it seems to me that you identify the source of all meaning as irreducible randomness. Mathematically, this would be no problem, since if one waits long enough, every possible event will occur. Nonetheless i ponder about the nature of randomness, if it plays such a crucial role in nature. Surely, its essence is due to the fact, that its subsequent events do - per definition...

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Author Alan M. Kadin replied on Mar. 5, 2017 @ 03:35 GMT
Dear Dr. Weckbach,

You seem to have misunderstood the key point of my essay. Specifically, the direction of evolution or learning derives from the environment. Randomness assures that all local variations are explored, but only those that are adaptive to the environment are maintained.

You ask how illusions reveal profound truths, while I have proposed that illusions actually hide profound truths. We need to look behind the curtain to find out what is really going on.

Alan Kadin



Stefan Weckbach replied on Mar. 5, 2017 @ 18:36 GMT
Dear Alan Kadin,

if what you have analysed is a profound truth, then the illusions you spoke of not only hide profound truths, but they also can reveal them. Therefore illusion seems to me the wrong term for a mind that is able to look behind the curtain. Indeed, there is no contradiction between a physical brain, hiding some irrelevant things according to Darwinian evolution and a brain...

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Ajay Pokhrel wrote on Mar. 4, 2017 @ 13:18 GMT
Hello, Mr. Kadin,

Your essay is the first essay that I have started in FQXI for discussion as the topic is very interesting and I, pretty much enjoyed the most part of the essay.

Your way of defining illusion is very different from others. The part that I liked very much was when you mentioned " So biological design, too, is an illusion, which is explainable in terms of blind adaptation to complex environments " and "Control is just another illusion."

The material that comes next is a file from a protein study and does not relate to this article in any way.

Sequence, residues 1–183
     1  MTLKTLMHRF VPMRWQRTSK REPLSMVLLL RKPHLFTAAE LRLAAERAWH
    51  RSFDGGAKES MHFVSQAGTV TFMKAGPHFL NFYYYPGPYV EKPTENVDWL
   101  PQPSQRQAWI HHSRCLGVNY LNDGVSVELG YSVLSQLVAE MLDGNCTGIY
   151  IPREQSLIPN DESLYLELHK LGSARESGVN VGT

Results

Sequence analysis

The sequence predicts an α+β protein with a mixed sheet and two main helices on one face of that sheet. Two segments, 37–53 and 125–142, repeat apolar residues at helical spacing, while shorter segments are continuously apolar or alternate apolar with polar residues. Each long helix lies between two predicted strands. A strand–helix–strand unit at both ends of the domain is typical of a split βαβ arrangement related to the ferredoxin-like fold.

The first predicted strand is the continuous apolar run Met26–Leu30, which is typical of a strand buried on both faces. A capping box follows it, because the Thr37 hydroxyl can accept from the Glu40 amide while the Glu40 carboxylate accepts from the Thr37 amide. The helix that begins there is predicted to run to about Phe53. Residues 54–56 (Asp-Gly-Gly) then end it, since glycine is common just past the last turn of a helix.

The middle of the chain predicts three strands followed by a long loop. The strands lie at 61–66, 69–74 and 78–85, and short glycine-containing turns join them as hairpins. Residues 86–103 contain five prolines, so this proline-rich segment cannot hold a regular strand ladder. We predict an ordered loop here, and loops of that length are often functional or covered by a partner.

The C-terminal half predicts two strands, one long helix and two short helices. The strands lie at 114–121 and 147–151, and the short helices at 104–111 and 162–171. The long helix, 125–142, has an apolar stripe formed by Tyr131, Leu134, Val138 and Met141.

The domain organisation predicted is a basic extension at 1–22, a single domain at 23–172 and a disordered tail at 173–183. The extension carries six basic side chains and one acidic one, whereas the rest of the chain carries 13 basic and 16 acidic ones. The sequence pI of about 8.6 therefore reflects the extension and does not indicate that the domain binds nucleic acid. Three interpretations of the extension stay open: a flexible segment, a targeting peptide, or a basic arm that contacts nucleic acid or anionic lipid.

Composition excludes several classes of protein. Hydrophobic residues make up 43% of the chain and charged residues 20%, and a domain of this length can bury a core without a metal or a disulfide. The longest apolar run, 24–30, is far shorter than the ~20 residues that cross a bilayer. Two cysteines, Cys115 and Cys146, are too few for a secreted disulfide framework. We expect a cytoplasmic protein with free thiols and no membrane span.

Also check out my essay "Our Numerical Universe" showing how, by knowing numbers and mathematical patterns of universe, we could reach aims and intentions.

Best Regards,

Ajay

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Author Alan M. Kadin replied on Mar. 5, 2017 @ 03:36 GMT
Dear Ajay,

Thank you for your interest. I will read your essay.

Alan Kadin



Joe Fisher replied on Mar. 7, 2017 @ 16:57 GMT
Dear Dr. Alan M. Kadin,



Please excuse me for I have no intention of disparaging in any way any part of your essay.

I merely wish to point out that “Everything should be made as simple as possible, but not simpler.” Albert Einstein (1879 - 1955) Physicist & Nobel Laureate.

Only nature could produce a reality so simple, a single cell amoeba could deal with it.

The real Universe must consist only of one unified visible infinite physical surface occurring in one infinite dimension, that am always illuminated by infinite non-surface light.

A more detailed explanation of natural reality can be found in my essay, SCORE ONE FOR SIMPLICITY. I do hope that you will read my essay and perhaps comment on its merit.

Joe Fisher, Realist

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Author Alan M. Kadin replied on Mar. 11, 2017 @ 02:36 GMT
Dear Mr. Fisher,

I am afraid that I cannot understand your sentence about infinite surface, infinite dimension, and infinite light, even after reviewing your essay.

Alan Kadin




Edwin Eugene Klingman wrote on Mar. 7, 2017 @ 07:04 GMT
Dear Alan Kadin,

We have, in past essays, agreed in general but differed in the details. For example, the wave aspect of fundamental particles reflects internal rotating vector fields while the external motion follows classical particle trajectories. Entanglement is rejected.

Similarly, we do not believe mind and consciousness to be related to quantum effects on the atomic level. [Or...

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Author Alan M. Kadin replied on Mar. 11, 2017 @ 02:39 GMT
Dear Dr. Klingman,

Thank you for reading my essay, and for your comments. I agree that classical AI was overhyped decades ago, but recent AI approaches based on “deep learning” are finally starting to achieve breakthroughs. Further, I anticipate that current research programs in brain science and brain-inspired computing will converge in identifying a computational architecture to account for both biological and artificial consciousness, in the foreseeable future.

Alan Kadin